I transfer all of my patterns to Swedish Tracing Paper anyway...so it was not a huge issue...just a very small disappointment.

What are your favorite sewing tools? Modern? Vintage? Both? I love tools so share your favorites!

What projects have you been working on? Plans for winter sewing? Here we have the 'season of eternal gray' which, with the time change, will become even more gray soon. Sewing helps keep my mind off of the darkness!
















16 October 2015

Gifts Of Friendship That Cross The www Bridge

For many years I moved a lot for business when I worked for airlines...9 moves in 10 years and all, ostensibly, for better jobs and better wages. What I missed out on during those years was being able to put down roots and with roots, of course, come friendships. As I look back on those years I question if all of the moves were worth it. Hindsight is 20/20 of course and it all made sense to me at the time (yes, I can be a bit bullheaded and obstinate at times!). Those years did give me a much greater appreciation for friendships though and, perhaps, that is one reason why I treasure the friends that I now have so very much. In the end, I think, life is about family and friends and not so much the career or the money. I have only a couple of enduring friendships from that period of my life - one who like my "other half" and the sister that I never had...so for that I am most grateful.
The Internet is a great and mighty entity - one that I would not give up very willingly now that we have it- but, let's face it, it has a dangerous, darker side too. Many people that you "meet" on social media and the web are pleasant acquaintances, but not of much substance. I have been very blessed, however, to have found several "online" friendships that endure and grow. I don't understand why I have been so blessed, but I have been and I am very grateful. Recently, two of these amazing women have sent me packages that have blown me away - as much by their contents as by their offers of unconditional friendship and caring. I can never thank them enough for that precious intangible quality!

Jeannie Evans-VanHoff has been someone that I connected with strongly through her thoughtful comments to my blog and through FaceBook. She has been generous with her positive support and her offer of friendship. In the past she gifted with me with wools, felts and and a whimsical book on stitching.

After my workshop with India Flint last month I had mentioned on FaceBook that I was going to go searching for a horse shoe to use in future Eco-dyeing experiments. Not long after a box full of magic and rusty goodness arrived at my door. Jeannie says that this is one of the oddest boxes that she has ever sent through the mail and, well, let's just say that the post office offered a good deal on the heft of this flat rate box!

Jeannie- how can I thank you for the joy and friendship that you have gifted me with? The contents of this box, which include some of your Dad's treasures, is so special..and I know that I will get some awesome results from these cool 'rusty gold' items! Your beautiful shibori will be used for something special...some special stitching project that is small and filled with special memory items...your card is tucked in my journal.

Another special "online" friendship is one that has grown over the years. Judy Hudgins, Knotty Needle to her friends, has been a cheerleader and friend for some years now. She and I both worked for the same airline years ago, although in different areas. I always have said that if I had had the kind of positive support from my parents as she gives me I could have gone places! She is a talented knitter, writer, quilter, mixed media artist and her love for reading rivals my own!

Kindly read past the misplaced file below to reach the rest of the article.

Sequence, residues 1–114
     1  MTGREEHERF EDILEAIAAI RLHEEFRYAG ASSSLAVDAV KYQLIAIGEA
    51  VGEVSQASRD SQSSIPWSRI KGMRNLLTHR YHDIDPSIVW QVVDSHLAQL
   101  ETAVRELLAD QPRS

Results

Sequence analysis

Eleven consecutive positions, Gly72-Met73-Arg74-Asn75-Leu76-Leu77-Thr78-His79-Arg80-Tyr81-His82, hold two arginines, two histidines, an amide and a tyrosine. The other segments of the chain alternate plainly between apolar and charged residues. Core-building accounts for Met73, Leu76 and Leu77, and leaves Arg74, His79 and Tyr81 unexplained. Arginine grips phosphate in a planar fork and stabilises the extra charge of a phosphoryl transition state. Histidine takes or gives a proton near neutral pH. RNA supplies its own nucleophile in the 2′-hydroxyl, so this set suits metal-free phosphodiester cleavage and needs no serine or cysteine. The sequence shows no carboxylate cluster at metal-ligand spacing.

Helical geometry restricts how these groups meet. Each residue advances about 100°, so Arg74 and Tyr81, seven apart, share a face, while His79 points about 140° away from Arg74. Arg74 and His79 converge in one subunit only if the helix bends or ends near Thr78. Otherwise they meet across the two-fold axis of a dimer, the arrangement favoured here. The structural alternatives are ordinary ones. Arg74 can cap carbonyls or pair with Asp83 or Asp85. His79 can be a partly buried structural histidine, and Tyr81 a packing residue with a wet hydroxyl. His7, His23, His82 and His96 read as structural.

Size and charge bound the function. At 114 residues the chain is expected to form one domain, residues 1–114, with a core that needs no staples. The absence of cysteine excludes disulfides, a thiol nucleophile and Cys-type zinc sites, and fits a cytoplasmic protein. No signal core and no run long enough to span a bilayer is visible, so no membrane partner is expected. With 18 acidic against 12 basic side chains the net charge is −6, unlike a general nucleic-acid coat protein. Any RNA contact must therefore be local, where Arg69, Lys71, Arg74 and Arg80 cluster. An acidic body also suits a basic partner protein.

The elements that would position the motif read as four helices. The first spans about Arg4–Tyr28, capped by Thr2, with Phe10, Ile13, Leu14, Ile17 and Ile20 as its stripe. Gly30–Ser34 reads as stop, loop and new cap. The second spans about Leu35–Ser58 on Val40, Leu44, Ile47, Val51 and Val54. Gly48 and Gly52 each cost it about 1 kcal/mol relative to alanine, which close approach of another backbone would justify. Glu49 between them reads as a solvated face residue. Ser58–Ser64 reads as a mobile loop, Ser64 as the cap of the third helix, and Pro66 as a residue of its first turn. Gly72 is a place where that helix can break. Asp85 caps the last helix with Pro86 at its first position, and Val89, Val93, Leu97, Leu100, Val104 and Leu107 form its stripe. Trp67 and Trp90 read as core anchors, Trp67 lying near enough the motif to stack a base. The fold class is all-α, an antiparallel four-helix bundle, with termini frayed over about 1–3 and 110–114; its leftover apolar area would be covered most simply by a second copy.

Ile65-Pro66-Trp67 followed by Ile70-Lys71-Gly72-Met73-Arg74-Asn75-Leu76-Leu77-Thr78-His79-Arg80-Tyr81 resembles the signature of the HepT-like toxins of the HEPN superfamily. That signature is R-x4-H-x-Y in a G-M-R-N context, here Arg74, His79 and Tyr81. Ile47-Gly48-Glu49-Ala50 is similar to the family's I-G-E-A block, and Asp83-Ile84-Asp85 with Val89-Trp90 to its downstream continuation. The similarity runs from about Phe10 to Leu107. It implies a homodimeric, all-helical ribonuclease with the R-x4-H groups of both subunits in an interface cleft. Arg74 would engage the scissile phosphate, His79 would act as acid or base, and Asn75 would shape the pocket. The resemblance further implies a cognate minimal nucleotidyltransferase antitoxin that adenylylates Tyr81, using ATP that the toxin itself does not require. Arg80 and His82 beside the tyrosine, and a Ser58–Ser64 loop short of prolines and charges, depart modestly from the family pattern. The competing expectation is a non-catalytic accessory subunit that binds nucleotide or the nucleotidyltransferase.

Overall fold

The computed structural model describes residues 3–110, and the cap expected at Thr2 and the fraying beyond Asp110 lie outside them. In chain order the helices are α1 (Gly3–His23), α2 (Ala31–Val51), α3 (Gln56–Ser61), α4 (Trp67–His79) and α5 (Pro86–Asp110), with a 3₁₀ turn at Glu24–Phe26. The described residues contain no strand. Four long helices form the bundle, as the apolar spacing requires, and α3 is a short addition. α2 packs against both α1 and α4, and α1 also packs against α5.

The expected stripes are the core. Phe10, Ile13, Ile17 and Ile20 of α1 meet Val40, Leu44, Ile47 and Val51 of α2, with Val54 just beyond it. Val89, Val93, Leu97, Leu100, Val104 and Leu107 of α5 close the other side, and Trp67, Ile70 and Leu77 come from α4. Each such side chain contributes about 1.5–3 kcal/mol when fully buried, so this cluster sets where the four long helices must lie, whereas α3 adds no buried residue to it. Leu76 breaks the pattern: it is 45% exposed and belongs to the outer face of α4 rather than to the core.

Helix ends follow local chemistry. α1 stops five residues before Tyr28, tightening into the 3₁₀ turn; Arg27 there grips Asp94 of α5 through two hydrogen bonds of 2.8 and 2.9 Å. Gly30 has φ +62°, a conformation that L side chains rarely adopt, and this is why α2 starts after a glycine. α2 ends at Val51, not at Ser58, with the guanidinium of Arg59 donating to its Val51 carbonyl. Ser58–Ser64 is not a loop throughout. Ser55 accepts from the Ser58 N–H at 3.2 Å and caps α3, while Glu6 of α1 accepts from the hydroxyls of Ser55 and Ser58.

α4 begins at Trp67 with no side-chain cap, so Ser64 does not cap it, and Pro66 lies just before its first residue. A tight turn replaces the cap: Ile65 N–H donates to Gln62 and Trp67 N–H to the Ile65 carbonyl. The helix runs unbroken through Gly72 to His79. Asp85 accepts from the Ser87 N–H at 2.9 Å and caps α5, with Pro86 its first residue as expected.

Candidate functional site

This past week I got a fat envelope (even better than those fat envelopes that you get when a quilt has been accepted for a show!) from her. I had known that she was going to send me some 'samples' of fabrics that she though I would like...this lucky gal lives near some wonderful shops let me tell you! Thanks to some of the previous fabric samples she sent, I am finishing a shirt made that was made with fabric that I ordered after she sent me a few pieces of some lovely rayon batiks. What I had not expected was that the "samples" in this envelope would be yardage! Jeez! How in the heck do I rate for this kind of goodness?!

These are digitally printed cottons from Kaufman California. They feature vibrant colors and a silky soft, drapey, hand. The one below is a homage to my home town (well, I have two home towns really- the other is in Connecticut), New York City. The beautifully featured Emprie State Building gave me shivers...I used to look at it from our apartment windows way back when.....

I guess my point is that friendships mean a lot to me- especially now that, later in this game of life- it would be oh so difficult to re-establish meaningful friendships if I were ever to move again. Friendships really do float my boat. I have many acquaintances, but I cultivate relatively few, true, deeper, connections. These two gracious women, who have always offered their friendship to me across the magic of the www, will remain close to my heart. Thank you both...oh so much!

Hold your friends and family close. Tell them that you love them and care about them...enrich yourself by doing so......


05 October 2015

An Intriguing BOM From Land Down Under- Or "Material Obsession" By Any Other Name

I decided that this coming year would be devoted to re-engaging in my love for hand appliqué. To that end I fell in love with this pattern, called Sweet Surrender, designed by Susanne Cody and sold by Material Obsession (the well known shop and home of Kathy Doughty) in Australia. In order to save just a bit on the high cost of international postage I opted for shipping every other month...so I just received two months in this first shipment. The fabrics that are included are shown below...in their just unpacked bags!